‘Impossible Documents’ — How An Enslaved Muslim Scholar Illuminates Southern Identity

one of the most fascinating conversations i’ve listened to in a while. about islam and slavery, islam in america, christian hegemony and slavery, a counter narrative offered in/by the arabic language and the only known writing by an enslaved human while they were still in bondage. enriches this moment that we are in by revealing layer upon layer of historical complexity and intersections.

‘In the 1700s, approximately 5% of the pre-colonial United States was Muslim. Most of them were enslaved, and one of the foundational figures of early American Islam lived in North Carolina. Omar ibn Said has confounded scholars and translators for more than a century.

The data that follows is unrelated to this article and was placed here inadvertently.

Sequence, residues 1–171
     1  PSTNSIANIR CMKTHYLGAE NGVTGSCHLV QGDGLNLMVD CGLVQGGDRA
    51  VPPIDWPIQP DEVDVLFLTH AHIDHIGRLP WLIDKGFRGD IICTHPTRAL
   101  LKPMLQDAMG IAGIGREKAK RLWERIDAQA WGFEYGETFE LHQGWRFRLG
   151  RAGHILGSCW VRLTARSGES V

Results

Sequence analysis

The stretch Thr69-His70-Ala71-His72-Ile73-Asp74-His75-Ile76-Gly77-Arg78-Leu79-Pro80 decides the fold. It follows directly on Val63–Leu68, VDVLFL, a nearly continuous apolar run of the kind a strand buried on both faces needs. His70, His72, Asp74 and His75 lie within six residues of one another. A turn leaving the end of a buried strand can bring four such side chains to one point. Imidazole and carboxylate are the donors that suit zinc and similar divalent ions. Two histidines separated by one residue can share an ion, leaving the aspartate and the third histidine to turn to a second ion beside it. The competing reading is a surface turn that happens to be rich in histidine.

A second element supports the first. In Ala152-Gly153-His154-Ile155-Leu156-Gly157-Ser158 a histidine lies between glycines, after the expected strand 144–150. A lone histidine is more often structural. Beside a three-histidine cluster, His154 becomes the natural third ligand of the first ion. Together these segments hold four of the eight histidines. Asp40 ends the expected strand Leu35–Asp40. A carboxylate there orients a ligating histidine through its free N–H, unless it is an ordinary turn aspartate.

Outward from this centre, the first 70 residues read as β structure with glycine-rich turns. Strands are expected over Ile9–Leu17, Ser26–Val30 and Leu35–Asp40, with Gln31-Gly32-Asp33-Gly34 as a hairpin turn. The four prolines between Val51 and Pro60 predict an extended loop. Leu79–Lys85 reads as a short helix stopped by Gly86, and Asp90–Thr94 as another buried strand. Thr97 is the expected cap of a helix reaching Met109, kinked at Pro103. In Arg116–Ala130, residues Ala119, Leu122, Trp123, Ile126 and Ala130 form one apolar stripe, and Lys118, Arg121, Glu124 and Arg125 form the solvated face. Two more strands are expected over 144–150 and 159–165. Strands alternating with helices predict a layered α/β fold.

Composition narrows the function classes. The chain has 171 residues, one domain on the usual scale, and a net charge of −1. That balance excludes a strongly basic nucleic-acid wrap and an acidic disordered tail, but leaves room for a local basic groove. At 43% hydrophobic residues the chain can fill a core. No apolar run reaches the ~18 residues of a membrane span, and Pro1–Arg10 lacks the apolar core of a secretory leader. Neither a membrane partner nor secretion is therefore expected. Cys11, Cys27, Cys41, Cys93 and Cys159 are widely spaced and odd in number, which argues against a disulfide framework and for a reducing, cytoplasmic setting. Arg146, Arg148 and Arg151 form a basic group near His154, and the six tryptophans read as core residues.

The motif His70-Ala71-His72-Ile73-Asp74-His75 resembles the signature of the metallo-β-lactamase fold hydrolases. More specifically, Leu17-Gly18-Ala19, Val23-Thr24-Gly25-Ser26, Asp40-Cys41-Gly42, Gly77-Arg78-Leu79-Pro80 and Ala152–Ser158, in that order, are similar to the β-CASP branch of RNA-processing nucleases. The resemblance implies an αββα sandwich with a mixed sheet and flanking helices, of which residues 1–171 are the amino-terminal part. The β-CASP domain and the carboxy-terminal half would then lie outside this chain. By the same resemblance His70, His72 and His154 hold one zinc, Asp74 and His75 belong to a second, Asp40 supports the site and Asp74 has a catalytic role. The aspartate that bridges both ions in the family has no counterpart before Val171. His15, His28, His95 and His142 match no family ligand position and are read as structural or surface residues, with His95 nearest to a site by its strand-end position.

An educated scholar from an aristocratic family, Said was enslaved and brought to the port of Charleston in 1807 from his homelands in the Futa Toro region of modern-day Senegal. His autobiography is written in Arabic with a Southern accent and includes references to West African locations and Sufi literature. In it, Said attacked his enslavers and the conditions of the American South while also illuminating his struggle to overcome the psychological imprisonment of slavery. He wrote because he needed to.’ Listen here.

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